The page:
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George W. McIver
McIver.jpg
McIver as commander of 161st Infantry Brigade, World War I
Born (1858-02-22)February 22, 1858
Died May 9, 1947(1947-05-09) (aged 89)
Place of birth Carthage, North Carolina
Place of death Washington, D.C.
Place of burial Arlington National Cemetery
Allegiance United States
Service/branch United States Department of the Army Seal United States Army
Years of service 1882-1922
Rank US-O7 insignia Brigadier General
Commands held U.S. Military Prison, Alcatraz Island
School of Musketry
Militia Bureau
161st Infantry Brigade
81st (Wildcat) Division
Demobilization Group, Camp Pike, Arkansas
Recruit Depot, Fort Slocum, New York
Battles/wars American Indian Wars
Spanish-American War
World War I

George W. McIver (February 22, 1858 – May 9, 1947) was a United States Army Brigadier General who served as acting Chief of the Militia Bureau and commanded the 161st Infantry Brigade in World War I.

Early lifeEdit

George W. McIver Cadet

McIver as West Point Cadet, 1882

George Willcox (sometimes spelled Wilcox) McIver was born in Carthage, North Carolina on February 22, 1858.[1] He attended the University of North Carolina at Chapel Hill from 1869 to 1870 while his father was a professor there, graduated from the United States Military Academy in 1882 and received his commission as a Second Lieutenant of Infantry.[2]

Initially assigned to the 17th Infantry Regiment, McIver served throughout the western United States during the American Indian Wars, including postings to Forts Pembina, Fred Steele, Laramie, Logan, and Bridger. In 1885 he was part of a force sent to Rock Springs, Wyoming to intervene during unrest between Chinese and white miners (the Rock Springs Massacre). McIver participated in the Sioux Campaign of 1890-1891. He served as a tactical officer at West Point from 1891 to 1893, and was assigned to Camp Pilot Butte (also known as Camp Rock Springs), Wyoming from 1893 to 1894, after which he was posted as the regular Army officer advising the California National Guard.[3][4]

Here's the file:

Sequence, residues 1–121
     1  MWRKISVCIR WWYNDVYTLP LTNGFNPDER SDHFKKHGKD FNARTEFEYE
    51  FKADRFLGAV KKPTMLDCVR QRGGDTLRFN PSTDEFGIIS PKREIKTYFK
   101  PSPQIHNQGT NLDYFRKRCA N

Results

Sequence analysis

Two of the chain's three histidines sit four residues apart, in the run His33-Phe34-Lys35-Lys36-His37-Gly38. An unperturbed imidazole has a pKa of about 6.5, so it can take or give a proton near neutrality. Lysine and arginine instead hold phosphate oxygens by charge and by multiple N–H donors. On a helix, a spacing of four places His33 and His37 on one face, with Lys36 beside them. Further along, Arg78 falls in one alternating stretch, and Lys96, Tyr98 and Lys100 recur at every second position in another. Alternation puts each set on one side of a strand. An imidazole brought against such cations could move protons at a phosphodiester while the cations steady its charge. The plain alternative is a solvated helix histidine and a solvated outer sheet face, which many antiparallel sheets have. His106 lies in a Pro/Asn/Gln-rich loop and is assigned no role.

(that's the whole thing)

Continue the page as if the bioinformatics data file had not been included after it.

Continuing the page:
Spanish-American WarEdit

In 1898, he returned to the 7th Infantry for service in Cuba during the Spanish-American War, and took part in the battles of El Caney and San Juan Hill.[5]

Post Spanish-American WarEdit

From 1898 to 1900, McIver was stationed at Fort Brady, Michigan, and at Leech Lake Indian Agency in Walker, Minnesota. From 1900 to 1901, he was stationed at Forts Davis and St. Michael, Alaska. McIver was on recruiting duty in Portland, Oregon from 1901 to 1903.[6]

He was assigned to the Philippines from 1903 until 1905.[7]

From 1905 to 1907 McIver was Commandant of the U.S. Military prison on Alcatraz Island in San Francisco Bay. He supervised the construction of buildings erected in Golden Gate Park to provide temporary housing for people whose homes were destroyed in the 1906 San Francisco earthquake.[8]

In 1907, he became the Commandant of the School of Musketry in Monterey, California, and was responsible for the publication of the Army Small Arms Firing Manual.[9] He served again in the Philippines from 1912 to 1914. In 1915 McIver was assigned as executive officer of the National Guard Bureau. From September to October, 1916 he served as acting Chief of the Militia Bureau during the interregnum between the death of Albert Mills and the arrival of Mills’ replacement, William A. Mann.[10]

World War IEdit

In 1917 McIver was promoted to Brigadier General and took command of the 161st Brigade of the 81st (Wildcat) Division.[11] The 81st Division was made up largely of recruits from North and South Carolina, and trained in South Carolina at Camp Sevier (near Greenville) and Camp Jackson (near Wildcat Creek, which gave the division its nickname).[12]